Cloar, James A. 1990. Centralized Retail Management: New Strategies for Downtown. Washington, DC: Urban Land Institute.
Managing Director, Moody’s Analytics
Steven Cochrane is Managing Director of Moody’s Analytics. He oversees the U.S. regional forecasting service and directs the research and development activities of the research staff, including its Global Cities service. He also edits Regional Financial Review, a monthly publication that analyzes U.S. macro-, regional, industry, and international trends. Many of Cochrane’s consulting projects focus on state and local economic development. Early projects include a study of the industrial structure and comparative economic advantages for Sonoma County CA, followed by a ten-year update that modeled alternative outlook scenarios based on recommended improvements in labor force quality and green industry initiatives. Other projects have included studies of the changing industrial structure and economic competitiveness of Arizona, North Dakota and Pennsylvania, and the city and county of San Francisco. An analyst with Moody’s Analytics since 1993, Cochrane has been featured on Wall Street Radio, the PBS NewsHour, and CNBC.
Cochrane, Steve and Sophia Koropeckyj, Aaron Smith, and Sean Ellis. 2013. Central Cities and Metropolitan Areas: Manufacturing and Nonmanufacturing Employment as Drivers of Growth. In Revitalizing American Cities, eds. Susan M. Wachter and Kimberly Zeuli, eds. Philadelphia: University of Pennsylvania Press.
Cochrane, Steve. 1997. Emerging Opportunities in Sonoma County: The Five Year Forecast. Sonoma County Economic Development Board.
Cochrane, Steve. 2005. Economic Outlook: U.S. and North Dakota. North Dakota Governor’s Office.
Henry Putnam Professor of Economics and Public Affairs, Woodrow Wilson School of Public and International Affairs
Director of the Center for Health and Well Being, Princeton University
Janet Currie is the Henry Putnam Professor of Economics and Public Affairs at Princeton University and the Director of Princeton’s Center for Health and Well Being. She also directs the Program on Families and Children at the National Bureau of Economic Research. She is a Member of the Institute of Medicine of the National Academies of Sciences, a Fellow of the Econometric Society, and a Fellow of the Society of Labor Economists. She was elected Vice President of the American Economics Association in 2010, and will be President of the Society of Labor Economists in 2014. Her research focuses on the health and well-being of children. She has written about early intervention programs, programs to expand health insurance and improve health care, public housing, and food and nutrition programs. Her current research focuses on socioeconomic differences in child health, and on environmental threats to children’s health.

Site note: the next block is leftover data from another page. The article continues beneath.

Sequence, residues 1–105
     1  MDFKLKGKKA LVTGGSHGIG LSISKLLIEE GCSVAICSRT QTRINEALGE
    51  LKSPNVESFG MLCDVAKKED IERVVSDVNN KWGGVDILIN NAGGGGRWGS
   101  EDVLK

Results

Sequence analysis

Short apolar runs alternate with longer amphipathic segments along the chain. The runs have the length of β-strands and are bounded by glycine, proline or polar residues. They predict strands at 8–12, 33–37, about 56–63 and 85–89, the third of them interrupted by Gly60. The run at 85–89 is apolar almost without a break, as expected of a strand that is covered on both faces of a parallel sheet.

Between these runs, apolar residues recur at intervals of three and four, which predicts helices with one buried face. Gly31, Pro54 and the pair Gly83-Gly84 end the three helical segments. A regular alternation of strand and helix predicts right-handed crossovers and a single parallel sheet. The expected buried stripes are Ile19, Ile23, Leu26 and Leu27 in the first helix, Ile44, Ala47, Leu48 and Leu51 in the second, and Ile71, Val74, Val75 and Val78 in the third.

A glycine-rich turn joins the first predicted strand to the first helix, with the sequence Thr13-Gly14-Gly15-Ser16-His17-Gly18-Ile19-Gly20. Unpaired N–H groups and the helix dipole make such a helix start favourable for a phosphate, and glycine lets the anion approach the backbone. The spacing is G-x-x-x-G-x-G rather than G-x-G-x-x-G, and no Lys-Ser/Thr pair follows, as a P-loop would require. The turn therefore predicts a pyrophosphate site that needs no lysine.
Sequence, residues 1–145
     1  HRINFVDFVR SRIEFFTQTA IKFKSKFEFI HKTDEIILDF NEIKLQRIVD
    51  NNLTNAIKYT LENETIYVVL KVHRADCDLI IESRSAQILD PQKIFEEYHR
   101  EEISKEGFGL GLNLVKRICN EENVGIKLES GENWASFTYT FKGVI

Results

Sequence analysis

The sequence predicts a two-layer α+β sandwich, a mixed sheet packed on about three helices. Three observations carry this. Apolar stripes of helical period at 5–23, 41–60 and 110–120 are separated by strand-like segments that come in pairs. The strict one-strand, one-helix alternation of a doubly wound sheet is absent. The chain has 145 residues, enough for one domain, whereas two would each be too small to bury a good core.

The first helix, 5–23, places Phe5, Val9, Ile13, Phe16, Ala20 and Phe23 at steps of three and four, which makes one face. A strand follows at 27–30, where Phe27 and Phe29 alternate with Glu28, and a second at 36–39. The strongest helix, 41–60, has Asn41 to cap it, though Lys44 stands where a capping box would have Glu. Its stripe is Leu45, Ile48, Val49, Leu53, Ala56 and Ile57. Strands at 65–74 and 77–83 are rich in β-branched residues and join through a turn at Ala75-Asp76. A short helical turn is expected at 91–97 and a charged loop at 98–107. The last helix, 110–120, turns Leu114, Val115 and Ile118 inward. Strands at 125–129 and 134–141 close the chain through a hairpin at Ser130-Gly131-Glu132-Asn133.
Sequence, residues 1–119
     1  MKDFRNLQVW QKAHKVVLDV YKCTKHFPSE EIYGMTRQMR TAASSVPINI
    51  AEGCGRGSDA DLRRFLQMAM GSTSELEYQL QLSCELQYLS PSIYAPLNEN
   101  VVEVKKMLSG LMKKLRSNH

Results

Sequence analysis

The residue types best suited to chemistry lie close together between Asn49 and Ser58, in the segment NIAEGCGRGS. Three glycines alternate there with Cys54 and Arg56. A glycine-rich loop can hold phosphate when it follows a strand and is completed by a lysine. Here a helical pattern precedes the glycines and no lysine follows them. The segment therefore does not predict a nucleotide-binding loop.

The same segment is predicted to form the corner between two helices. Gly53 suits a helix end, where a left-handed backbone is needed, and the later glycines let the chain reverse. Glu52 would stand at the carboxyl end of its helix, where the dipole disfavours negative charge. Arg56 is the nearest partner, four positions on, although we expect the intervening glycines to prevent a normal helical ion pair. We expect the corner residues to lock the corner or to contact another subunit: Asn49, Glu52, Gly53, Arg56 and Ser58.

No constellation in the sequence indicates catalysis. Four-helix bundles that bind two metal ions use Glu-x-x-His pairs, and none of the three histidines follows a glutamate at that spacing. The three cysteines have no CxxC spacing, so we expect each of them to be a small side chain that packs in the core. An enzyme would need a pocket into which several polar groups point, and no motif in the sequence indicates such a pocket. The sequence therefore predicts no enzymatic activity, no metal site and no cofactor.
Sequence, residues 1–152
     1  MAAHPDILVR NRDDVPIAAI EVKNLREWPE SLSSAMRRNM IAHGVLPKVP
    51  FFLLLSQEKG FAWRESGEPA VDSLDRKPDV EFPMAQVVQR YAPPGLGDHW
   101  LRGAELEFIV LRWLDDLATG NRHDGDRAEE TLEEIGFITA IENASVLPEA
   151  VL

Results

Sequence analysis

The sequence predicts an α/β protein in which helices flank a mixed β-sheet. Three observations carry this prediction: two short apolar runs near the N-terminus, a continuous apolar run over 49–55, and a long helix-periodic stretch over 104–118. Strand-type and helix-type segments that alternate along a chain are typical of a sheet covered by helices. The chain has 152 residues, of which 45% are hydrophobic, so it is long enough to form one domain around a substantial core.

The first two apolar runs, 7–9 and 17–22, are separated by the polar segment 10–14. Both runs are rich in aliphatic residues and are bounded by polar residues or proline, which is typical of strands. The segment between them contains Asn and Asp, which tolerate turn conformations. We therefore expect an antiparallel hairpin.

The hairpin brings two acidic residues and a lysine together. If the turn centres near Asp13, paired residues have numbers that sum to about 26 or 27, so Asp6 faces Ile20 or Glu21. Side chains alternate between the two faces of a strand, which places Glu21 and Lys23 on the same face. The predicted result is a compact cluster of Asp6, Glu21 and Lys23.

Currie, Janet, and Erdal Tekin. Forthcoming. Is There a Link Between Foreclosure and Health? American Economic Journals: Economic Policy.
Currie, Janet, and Joshua Graff-Zivin, Jamie Mullen, and Matthew Neidell. 2014. “What Do We Know About Short and Long Term Effects of Early Life Exposure to Pollution? Annual Review of Resource Economics.
Currie, Janet and Robert Khan, ed. 2012. The Future of Children. Children With Disabilities, 22(1). Washington DC: Princeton-Brookings.
Currie, Janet and Reed Walker. 2011. Traffic Congestion and Infant Health. American Economic Journal-Applied Economics, 65-90.
Currie, Janet M. 2006. The Invisible Safety Net: Protecting the Nation's Poor Children and Families. Princeton, NJ: Princeton University Press.